AoIP In Audio Post: 3 Reasons Why

In the course of our recent work we’ve met with around 50 customers specifically to talk about AoIP in Audio Post. Our aim was to gauge adoption and uncover the sentiment of post houses when it comes to making the leap to IP-based audio.

Pretty much the established norm in post production’s sister-sectors – broadcast and live – adoption has been more tentative for AoIP in audio post.

What we’ve found is a spectrum, from “somewhat aware of the technology” all the way up to facilities who can be described as “all-in”; Studios who have implemented AoIP throughout their facility. What’s clear is that everyone is somewhere along this continuum. Interest around AoIP in Audio Post is at an all-time high.

What’s particularly interesting is… why now?
At the recent AES show in New York, Focusrite Pro VP Rich Nevens told us they’d had customers on the booth asking if their Dante-equipped Red-series interfaces were new. In fact, they’ve been around a while, the newest product (X2P – reviewed here on Resurface) being well over a year old now.

What is new is the post-production sector’s drive to seek out IP-based solutions to very contemporary problems. Interest is piqued, even if it hasn’t yet peaked. We came across three main triggers for making the leap:
Wider Formats

Most apparent is a 180 degree pivot from minimal physical IO towards high channel counts. The trend, for an entire generation, was for fewer and fewer physical connections. A mic or two in, perhaps six or eight outs, with everything else file-based and in the box.

With today’s economic kingmakers – the OTT Streamers – specifying Dolby Atmos as a deliverable, there’s a sudden and dramatic reversal of this trend, a need – right now or coming soon – to accommodate hundreds of channels of ‘real’ I/O.

Aoip in audio post
Dan Shimiaei of LA’s Formosa Group explained: “There’s no longer a correct or even a permanent amount of I/O for a mix stage offering immersive formats. Not only does the math quickly exceed the traditional building blocks available to a DAW system, but the requirement changes from project to project or from morning to afternoon.”

Shimiaei continued: “Formosa Group handles multiple back-to-back projects across our stages, each of which will have different requirements. There’s zero scope for error, so each of our many setup types needs to be accurate, repeatable and recallable. Every half hour we can save is valuable to us.”

A second common reason to explore AoIP in Audio Post is security. Not just because it’s good practice, but because a gold star for compliance goes hand in hand with installing Atmos when it comes to attracting the most coveted clients.

AoIP in Audio Post
With the TPN (Trusted Partner Network) now enveloping two major entertainment industry associations (MPA and CDSA) under a unified set of guidelines and auditing, one aspect which has caused concern among audio folk is around physical positioning of CPUs and equipment racks.

Gone are the days of host computers being welcome in or near the suite. Instead, security requirements point to the need for a single, secure machine room. One point of access to account for, one set of coded doors, one set of CCTV cameras keeping watch over the media.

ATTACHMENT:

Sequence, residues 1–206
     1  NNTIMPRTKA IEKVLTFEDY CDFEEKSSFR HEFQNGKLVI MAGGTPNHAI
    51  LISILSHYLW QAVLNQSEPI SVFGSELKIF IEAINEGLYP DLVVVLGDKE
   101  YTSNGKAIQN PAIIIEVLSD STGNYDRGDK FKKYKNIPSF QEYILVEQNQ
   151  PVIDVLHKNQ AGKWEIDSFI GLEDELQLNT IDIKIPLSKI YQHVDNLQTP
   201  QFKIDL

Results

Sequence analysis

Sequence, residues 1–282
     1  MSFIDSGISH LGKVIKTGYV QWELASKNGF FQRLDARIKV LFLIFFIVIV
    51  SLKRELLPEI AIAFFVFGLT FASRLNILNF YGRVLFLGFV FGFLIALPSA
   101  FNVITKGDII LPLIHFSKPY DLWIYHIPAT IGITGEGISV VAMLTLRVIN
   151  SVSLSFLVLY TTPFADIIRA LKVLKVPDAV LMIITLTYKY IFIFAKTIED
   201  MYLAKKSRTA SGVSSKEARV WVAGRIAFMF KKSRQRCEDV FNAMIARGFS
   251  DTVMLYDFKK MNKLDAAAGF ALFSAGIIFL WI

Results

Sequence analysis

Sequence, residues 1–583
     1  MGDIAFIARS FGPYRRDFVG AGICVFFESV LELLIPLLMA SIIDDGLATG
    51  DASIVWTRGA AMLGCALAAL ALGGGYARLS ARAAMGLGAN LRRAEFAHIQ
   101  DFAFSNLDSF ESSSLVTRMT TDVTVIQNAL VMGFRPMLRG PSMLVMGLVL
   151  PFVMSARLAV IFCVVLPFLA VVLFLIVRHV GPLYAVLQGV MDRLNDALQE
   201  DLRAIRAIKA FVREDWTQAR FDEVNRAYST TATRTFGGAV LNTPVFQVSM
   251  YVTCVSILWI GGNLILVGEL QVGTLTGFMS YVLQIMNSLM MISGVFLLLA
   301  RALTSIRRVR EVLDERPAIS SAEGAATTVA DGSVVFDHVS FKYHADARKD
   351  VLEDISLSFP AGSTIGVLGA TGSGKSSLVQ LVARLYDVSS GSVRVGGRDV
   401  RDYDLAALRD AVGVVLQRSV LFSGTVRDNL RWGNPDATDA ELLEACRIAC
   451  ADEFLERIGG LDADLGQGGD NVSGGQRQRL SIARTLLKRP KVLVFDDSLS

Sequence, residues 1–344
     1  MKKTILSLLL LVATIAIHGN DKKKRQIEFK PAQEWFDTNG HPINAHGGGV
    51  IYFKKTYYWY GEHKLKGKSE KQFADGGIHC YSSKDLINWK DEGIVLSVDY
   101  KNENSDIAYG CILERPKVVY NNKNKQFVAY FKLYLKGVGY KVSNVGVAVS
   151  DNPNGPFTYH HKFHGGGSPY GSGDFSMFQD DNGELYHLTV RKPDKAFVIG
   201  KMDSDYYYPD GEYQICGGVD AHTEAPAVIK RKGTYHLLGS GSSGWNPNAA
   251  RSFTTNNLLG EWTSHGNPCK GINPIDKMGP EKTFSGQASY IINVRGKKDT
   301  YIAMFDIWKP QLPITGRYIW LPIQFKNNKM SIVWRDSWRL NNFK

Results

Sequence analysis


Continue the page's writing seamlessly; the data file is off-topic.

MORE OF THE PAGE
This is problematic where multiple DAWs and their peripherals might ordinarily be in suites or rack lobbies. A redesign becomes necessary. Cable runs may now stretch to hundreds of meters. Chances are any pre-existing cable risers are full to bursting. Here once again Audio Over IP comes to the rescue.

The third reason is billable capacity. Most major post hubs worldwide are reporting boom times, telling of unprecedented levels of work. Given this bubble might or might not last – and will certainly continue to change shape, there’s a need to try and accommodate more demand using existing real estate where possible. Sharing V/O booths, creating ad-hoc review or ADR rooms, generally being smart about who and what goes where and when.

AoIP in Audio Post: Dante Dominates
The vast majority of Atmos-equipped and TPN-compliant facilities have incorporated AoIP in their installation to a greater or lesser degree.

When we say AoIP in Post, lets be clear: Other standards are available, but we mean Dante.

AoIP in Audio Post is Dante’s domain, with the alternatives all a distant second. So much so that it’s not uncommon, when asking a non-technical audio person about Audio Over IP, to be met with a puzzled expression, an awkward pause… then a breakthrough – “Oh you mean Dante ?”.

This anecdotal evidence is backed up by the numbers. According to Audinate (the makers of Dante chipsets and software) in their June 2019 financial report covering the prior 12 months:

The number of Dante enabled products available grew by 30% to 2,134. Six times more than any other AoIP standard.
The number of Dante chips, modules and cards sold increased 42%
The number of manufacturers incorporating Dante in their products increased by 48 to 270, with a further 170 currently in-the-works
The number of people taking the free online or face-to-face Dante training courses reached 60,000

Looking at best practice in studio design over the last 20 years, the notion of running cables to allow hundreds of audio channels, with those channels endlessly assignable, individually or en masse, to and from anywhere in the building, would be preposterous. Over specified, over budget and overkill. Little did we know.

Conversely, the decision to flood-wire everywhere with Cat 5e or Cat6 ethernet by default was a given.

As luck would have it – turns out they’re the same thing.